Aerospace engineer Javier Conde, 27, who once worked for Spain's… (Henry Chu / Los Angeles Times )
Reporting from Hamburg, Germany — Javier Conde is an aerospace engineer, but it didn't take a rocket scientist to figure out that it was time to pack up and move to a foreign land hundreds of miles away.
Back in Madrid, where he worked at the Spanish equivalent of NASA, Conde knew that government funding cuts were about to hit the agency and that his position was unlikely to survive. Add to that the fact that already nearly 1 in 4 Spaniards is looking for work, and a man used to complex calculations did a bit of simple math. He knew the time had come to jump ship.
So in June, Conde took a job at an engineering firm here in Hamburg, becoming one of the thousands who have fled the economically slumping nations of Southern Europe in recent months for Germany, the region's star economic performer, in pursuit of better prospects.
"It's the right moment and the right place," said Conde, 27, a Canary Islands native. "I have tried to work in Spain where I wanted to work, and I couldn't."
His decision was made possible by the freedom of movement that's one of the core principles of the European Union. But as the stream of internal EU migrants like Conde grows, so have fears of a brain drain from Europe's stragglers to nations such as Germany, a worrisome example of the strong getting stronger at the expense of the weak.
In Spain, residents are struggling with the country's worst jobless rate in 15 years (it's also Europe's highest). The situation is particularly dire for people younger than 25, half of whom are out of work as the continent's debt crisis drags into its third year.
In contrast, Germany celebrated its lowest unemployment rate in more than two decades — a mere 6.8% — in December, though there's been a slight uptick since then. In fact, the shortage of skilled workers in some fields has become so acute that German Chancellor Angela Merkel, on a visit to Spain last year, made an open call for Spanish engineers to come work in her country.
The number of Spaniards relocating to Germany in the first half of last year shot up by 49%, or 2,400 more people, compared with the same period in 2010, according to the most recent statistics available. For Greeks, whose ravaged economy is caught in a steep downward spiral, the increase was even greater, a whopping 84%.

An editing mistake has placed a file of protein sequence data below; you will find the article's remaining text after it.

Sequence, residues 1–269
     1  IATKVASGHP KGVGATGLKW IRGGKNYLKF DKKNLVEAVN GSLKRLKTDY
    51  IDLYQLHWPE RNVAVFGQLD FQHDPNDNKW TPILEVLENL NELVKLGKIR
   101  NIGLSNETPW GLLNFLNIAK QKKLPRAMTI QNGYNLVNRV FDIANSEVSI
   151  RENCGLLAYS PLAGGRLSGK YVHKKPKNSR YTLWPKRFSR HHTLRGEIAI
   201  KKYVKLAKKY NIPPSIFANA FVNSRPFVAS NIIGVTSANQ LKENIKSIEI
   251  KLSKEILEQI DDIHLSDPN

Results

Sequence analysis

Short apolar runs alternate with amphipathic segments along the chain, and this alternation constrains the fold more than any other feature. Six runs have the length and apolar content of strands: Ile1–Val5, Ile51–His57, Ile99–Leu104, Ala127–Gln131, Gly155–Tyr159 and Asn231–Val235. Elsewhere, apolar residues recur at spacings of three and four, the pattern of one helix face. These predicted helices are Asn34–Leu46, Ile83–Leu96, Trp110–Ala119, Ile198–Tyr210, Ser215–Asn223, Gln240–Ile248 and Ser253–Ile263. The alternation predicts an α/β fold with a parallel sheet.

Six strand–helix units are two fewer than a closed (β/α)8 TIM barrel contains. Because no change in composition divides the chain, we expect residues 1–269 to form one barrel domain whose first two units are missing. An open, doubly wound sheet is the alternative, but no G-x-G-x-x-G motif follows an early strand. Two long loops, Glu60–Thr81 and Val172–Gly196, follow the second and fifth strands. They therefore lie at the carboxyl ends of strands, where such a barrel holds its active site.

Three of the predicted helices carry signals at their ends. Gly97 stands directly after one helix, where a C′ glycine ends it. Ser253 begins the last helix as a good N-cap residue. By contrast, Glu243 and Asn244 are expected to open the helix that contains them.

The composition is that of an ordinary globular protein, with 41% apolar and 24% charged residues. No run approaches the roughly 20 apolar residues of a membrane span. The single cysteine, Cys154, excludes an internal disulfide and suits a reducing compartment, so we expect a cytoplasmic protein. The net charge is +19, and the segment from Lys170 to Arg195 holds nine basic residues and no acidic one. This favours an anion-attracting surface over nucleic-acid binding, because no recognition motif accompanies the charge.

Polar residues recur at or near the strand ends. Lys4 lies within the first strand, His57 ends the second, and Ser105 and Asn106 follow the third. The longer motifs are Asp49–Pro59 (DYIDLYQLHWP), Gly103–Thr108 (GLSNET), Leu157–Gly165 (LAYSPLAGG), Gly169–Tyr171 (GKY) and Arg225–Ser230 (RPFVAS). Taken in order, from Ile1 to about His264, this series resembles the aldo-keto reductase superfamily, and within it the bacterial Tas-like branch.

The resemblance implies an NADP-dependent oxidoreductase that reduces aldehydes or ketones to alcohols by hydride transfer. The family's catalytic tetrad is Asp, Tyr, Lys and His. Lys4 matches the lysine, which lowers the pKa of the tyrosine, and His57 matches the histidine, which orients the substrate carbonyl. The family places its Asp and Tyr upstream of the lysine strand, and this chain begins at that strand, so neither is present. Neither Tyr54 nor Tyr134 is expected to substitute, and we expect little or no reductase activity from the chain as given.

Enough new settlers arrived in 2011, especially from Southern and Eastern Europe, that Germany reported a rise in its population for the first time in eight years.
Looked at one way, Germany's influx of newcomers is an excellent demonstration of the EU doing exactly what it was supposed to do: break down trade barriers across the continent and promote economic integration by allowing citizens to live and work where they choose.
That mobility can be especially helpful during hard times such as these, when jobs are scarce in some areas but not others, said Michael C. Burda, an expert on the European labor market at Humboldt University of Berlin.
"It's like the United States," he said. "When you have shock in different parts of the union, one way to smooth things out is to have people move around."
From another perspective, though, the situation appears less benign.
At a time of deepening economic distress for the debt-laden nations on Europe's periphery, some of their best and brightest are leaving. Last year, Ireland, a land with bitter memories of mass emigration brought on by famine, was estimated to be losing 1,000 residents a week to other countries the world over because of its economic woes.
The fact that many migrants pick Germany is salt in the wound for some.
Not only is Germany, on the basis of its economic strength, already the boss of Europe, but now it seems to be profiting from its neighbors' troubles — troubles compounded by the austerity cuts that Berlin insists its indebted Eurozone partners carry out. Merkel's appeal to Spanish engineers to ditch their country in favor of Germany seems almost like "an act of aggression" to some, Burda said.
Volker Littkowski isn't afraid to acknowledge that he's capitalizing on other countries' weaknesses.
Littkowski manages recruitment for the northern German operations of Ferchau Engineering, a well-established firm that does major business with Airbus Industrie, the European jet-building consortium. In April, in need of engineers, Ferchau set up booths at job fairs in the southern Spanish city of Seville and in Madrid.
"In the daily news, it was more or less repeated that the unemployment rate in Spain, in particular the young generation, is incredibly high," Littkowski said. "That's why we decided to go to Spain, to make use of their 'weakness' to take advantage of the situation."
The company hired five people, including Conde, the former worker at Spain's space agency. Another recruit was Eduardo Gomez, 24, a newly minted college graduate who sees the movement of so many young Spaniards abroad as a win-win situation.